Lockdown love: online dating demonstrates 'remarkable resilience' as Brits become more polite and creative
- A quarter of daters ‘more polite’ since coronavirus crisis begun
- Would-be courters less pushy and more inventive about building a relationship
- 64% see dating apps as a ‘lifeline’ to those living alone
Recent weeks have changed the way we live beyond recognition. But according to new research, the game of love has proved remarkably resilient.
A new survey for the Online Dating Association found that 2.3 million of us have used online dating in the past month.
According to dating companies, would-be courters are using their imagination to create “dates at a distance”. Online canoe trips, Netflix watch dates and virtual wine tasting are among the most popular expressions of remote romance.
Top 10 ‘dates at a distance’
- Take a hike – thanks to the wonders of technology, many first daters feel no need to be confined to their living room during lockdown. Through the website Muddy Matches, couples can canoe through rivers, hike national peaks and fly together over the English countryside.
- Truth or dare – if small talk is stifled, take inspiration from the daters who are plunging straight to honest questions. Dares can be as basic as ‘show me the contents of your cupboard’. But probably best to agree the parameters of the game before you begin.
- Strictly dancing – dancing would be some people’s idea of a first-date nightmare. But if you’re confident with your moves there’s no need to let the current crisis stop you. Some couples are performing non-contact routines over video chats and others are challenging each other to dance-offs.
- Tinkling the ivories – some romantics have taken to serenading their date with a piano performance. Some musical ability is strongly recommended.
- Order in – sharing a meal adds a bit of structure to the date. Going for the same cuisine or a similar dish could help you serve up a conversation starter or two.
- Ready, steady, cook – you may not be able to prepare a meal for your date, but you can still impress with your cooking skills. Cooking the same meal at the same time will give you a chance to see whether you’ve got the right ingredients for romance.
- Virtual vineyard –pick up a bottle or two of the same wines, download some tasting notes and impress your date with your knowledge of the grape. You can make this a structured tasting session or simply enjoy the same wine together as the conversation starts to flow.
- Movie night – cinemas may be closed but there’s no need to do away with this first-date classic. Put a bag of popcorn in the microwave and stream the movie at the same time as your date. The subtle hand touching may have to wait, but you’ll still have a film to talk about after.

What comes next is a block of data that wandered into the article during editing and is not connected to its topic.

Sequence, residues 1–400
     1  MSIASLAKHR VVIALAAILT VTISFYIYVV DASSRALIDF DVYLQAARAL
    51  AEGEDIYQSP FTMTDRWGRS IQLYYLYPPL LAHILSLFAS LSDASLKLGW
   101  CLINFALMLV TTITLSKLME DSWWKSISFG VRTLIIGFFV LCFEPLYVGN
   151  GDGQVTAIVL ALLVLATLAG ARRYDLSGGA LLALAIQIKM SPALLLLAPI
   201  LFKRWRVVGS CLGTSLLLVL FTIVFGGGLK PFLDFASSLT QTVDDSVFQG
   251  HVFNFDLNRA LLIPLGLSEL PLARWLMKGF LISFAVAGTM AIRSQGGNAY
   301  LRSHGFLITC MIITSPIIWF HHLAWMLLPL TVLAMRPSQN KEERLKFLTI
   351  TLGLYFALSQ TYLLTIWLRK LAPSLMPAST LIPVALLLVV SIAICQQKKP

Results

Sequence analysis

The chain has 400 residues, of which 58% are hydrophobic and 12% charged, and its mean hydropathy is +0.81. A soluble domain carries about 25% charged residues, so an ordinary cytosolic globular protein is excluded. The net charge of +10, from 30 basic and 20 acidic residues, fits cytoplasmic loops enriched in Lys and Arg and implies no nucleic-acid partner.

- Meet the pets – cats have long been an internet meme, so it’s perhaps not surprising that online daters have tried to share their softer sides by bringing their household pets with them to their virtual dates.
- Get competitive – if you’re hyper-competitive then kicking off your courtship with an online quiz or game of trivial pursuit might be a winning idea. But if you can keep your ego under wraps, this can be a great way of easing into conversation and creating a laugh or two.
Covid dating is more polite, inventive and an important part of social fabric
The research also suggests that the current crisis has been accompanied by a revival of gallantry. Almost a quarter of respondents (23%) felt that daters are more polite than before. Just under a fifth (18%) noticed people being less pushy.
Perhaps most importantly, a third (35%) of daters believed that those they were speaking to are being more inventive about building a relationship. Half (53%) report that during the lockdown, they are having longer conversations on dating services.
The survey found that online dating was serving a wider benefit than just the quest for love. Two-thirds (64%) of respondents felt that dating sites and apps were a lifeline for those living alone. People also felt they had become an intricate part of a social life (55%) and that they could provide moments of light-hearted entertainment during a difficult time (48%).
George Kidd, CEO of the Online Dating Association, said: “Under lockdown Britain, online dating is helping fulfil a basic human need for company and companionship. Not only is it keeping romance alive, but it is also fulfilling a very important social need, to bring people together.
“Daters themselves are becoming ever more ingenious in how to make the most of their time apart. In some cases, this is by hand gliding together over a 360-degree virtual landscape of England. In others, it is by wine-tasting and watching a film.”
The data has revealed that the rise in gallantry has been most pronounced in the south of England. Thirty-three percent of respondents in the capital felt that people had been dating more politely since lockdown began.
While the lockdown has encouraged people to be more inventive in finding ways to date, the ODA’s survey also reinforced the importance of dating safely and having fun.
When asked what advice they would have for new online daters, half respondents (47%) said daters should “use credible services committed to user safety”. A third (30%) felt that novices should “take your time, begin to get to know the real person, not just the profile”.
But those experienced in digital dating did not think those exploring it should overthink the process. “Give it a go” the most popular piece of advice (59%).
A copy of the Populus Executive Summary can be found here.